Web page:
Wednesday, June 25, 2008

Health food: Pumpkin

The humble pumpkin is what the doctor ordered. It is a cheap, simple to cook and tasty health food. And, all parts of pumpkin except the root are edible and have excellent nutritional value.

During my childhood I have heard it said in my village that smokers should eat a lot of pumpkin. They had a point all right. Pumpkin contains a good dose of beta-carotene. Modern research confirms that beta-carotene could reduce the risk of some types of cancer and is a prophylactic against heart disease. Carotenoids give pumpkins the orange color.

There is more. The anti-oxidants lutein and zeaxanthin contained in pumpkins may offer protections against cataracts and macular degeneration and therefore, are good for the eyes. Also contained in this nature’s package are nutrients like iron, zinc and fiber.

There are so many easy ways to make attractive looking and delicious pumpkin (by itself or in combination with other food) preparations for the table. Boiled and mashed pumpkin flesh is said to be a good baby food. Ammachi (see Oru Desathinte Amma.) used to make a sweet munch – diced pumpkin pieces coated with sugar. That was great.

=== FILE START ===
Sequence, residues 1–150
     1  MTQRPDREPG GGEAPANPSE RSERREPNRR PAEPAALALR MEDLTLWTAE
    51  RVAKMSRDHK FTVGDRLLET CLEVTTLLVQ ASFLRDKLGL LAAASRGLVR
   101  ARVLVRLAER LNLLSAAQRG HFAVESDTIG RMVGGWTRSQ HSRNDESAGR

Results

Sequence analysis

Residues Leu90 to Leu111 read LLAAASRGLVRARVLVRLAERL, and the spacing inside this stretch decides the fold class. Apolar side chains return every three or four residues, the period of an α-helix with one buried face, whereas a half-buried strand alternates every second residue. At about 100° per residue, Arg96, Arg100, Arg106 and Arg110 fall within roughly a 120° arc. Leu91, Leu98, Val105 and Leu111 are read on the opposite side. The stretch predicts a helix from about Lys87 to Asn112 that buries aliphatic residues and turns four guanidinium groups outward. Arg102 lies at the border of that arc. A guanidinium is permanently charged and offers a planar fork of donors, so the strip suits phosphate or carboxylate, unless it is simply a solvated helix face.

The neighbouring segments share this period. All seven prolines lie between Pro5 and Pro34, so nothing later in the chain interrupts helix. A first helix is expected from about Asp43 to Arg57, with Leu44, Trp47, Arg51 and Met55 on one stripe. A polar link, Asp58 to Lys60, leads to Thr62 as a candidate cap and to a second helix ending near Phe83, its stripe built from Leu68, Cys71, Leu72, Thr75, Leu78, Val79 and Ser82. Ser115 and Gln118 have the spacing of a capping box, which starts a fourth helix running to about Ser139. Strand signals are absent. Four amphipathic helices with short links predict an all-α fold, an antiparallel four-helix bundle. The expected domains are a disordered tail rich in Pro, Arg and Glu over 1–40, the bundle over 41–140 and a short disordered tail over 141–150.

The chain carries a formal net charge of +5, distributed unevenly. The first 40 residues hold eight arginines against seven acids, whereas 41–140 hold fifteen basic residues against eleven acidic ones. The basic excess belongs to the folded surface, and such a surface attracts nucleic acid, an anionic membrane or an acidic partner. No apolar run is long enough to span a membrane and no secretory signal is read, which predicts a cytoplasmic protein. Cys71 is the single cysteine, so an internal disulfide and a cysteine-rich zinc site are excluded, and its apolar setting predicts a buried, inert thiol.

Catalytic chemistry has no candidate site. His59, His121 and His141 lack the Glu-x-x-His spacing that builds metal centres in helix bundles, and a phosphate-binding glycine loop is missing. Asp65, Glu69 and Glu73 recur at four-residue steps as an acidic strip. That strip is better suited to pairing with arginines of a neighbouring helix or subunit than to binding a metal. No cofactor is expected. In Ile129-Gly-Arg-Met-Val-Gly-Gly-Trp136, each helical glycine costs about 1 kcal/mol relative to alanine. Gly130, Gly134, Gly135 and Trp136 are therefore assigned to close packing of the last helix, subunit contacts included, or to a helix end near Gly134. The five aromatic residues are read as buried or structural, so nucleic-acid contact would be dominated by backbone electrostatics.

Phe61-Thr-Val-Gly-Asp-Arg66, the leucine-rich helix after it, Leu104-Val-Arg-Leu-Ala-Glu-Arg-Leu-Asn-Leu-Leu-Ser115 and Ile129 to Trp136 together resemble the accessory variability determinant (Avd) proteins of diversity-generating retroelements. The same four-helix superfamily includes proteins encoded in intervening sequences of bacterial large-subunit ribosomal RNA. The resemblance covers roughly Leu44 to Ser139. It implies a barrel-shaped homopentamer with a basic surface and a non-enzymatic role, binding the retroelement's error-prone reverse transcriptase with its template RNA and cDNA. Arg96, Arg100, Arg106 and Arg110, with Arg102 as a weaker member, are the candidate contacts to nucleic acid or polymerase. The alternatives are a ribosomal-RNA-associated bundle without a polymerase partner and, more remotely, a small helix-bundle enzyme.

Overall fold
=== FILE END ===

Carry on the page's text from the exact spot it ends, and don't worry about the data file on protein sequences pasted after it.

How many people include pumpkin leaves and flowers in their home menu? They involve very little preparation time, cooking is easy and the flavor good. Use them in salads or soups. The leaves can also be stir fried, boiled, roasted, steamed or stewed. Many recipes are available on the Internet. Or develop your own. Add spices, masala if you want the Indian taste

The flowers are excellent as well. They can be added to salads and curries. Or make fritters with them. At my home, some dishes are served hot garnished with whole pumpkin flowers. They look lovely and blend well with the food.

Do not throw away the pumpkin seeds (pepitas). They have high nutritional value and are considered helpful in avoiding prostrate problems, arthritis, and osteoporosis. The pumpkin seeds may also reduce cholesterol levels.

Eat pumpkins regularly. They are good for you.


(Photos by me from Olavipe. Copyright reserved. Click on them for enlarged view.)

Also see: Ammachi's Health Recipe - may lower cholesterol, blood sugar.


Kariyachan said...

I have eaten Mathanga poovu 'thoran and 'ulathiyathu' many a times. Especially with the traditional breakfast 'Kanji'.

Kariyachan said...

Steak / barbeque with boiled or roast pumpkin, spinach and maize meal (Pap) is the staple diet epsecially with the English and Afrikaner community in South Africa.


Very useful info there. And the photo of the flower is superb.

Gardenia said...

This underrated vegetable has got its due here!
Here in North Bengal, people eat the tender leaves made into a simple stir-fried preparation, and they recommend the dish as a cure for anaemia.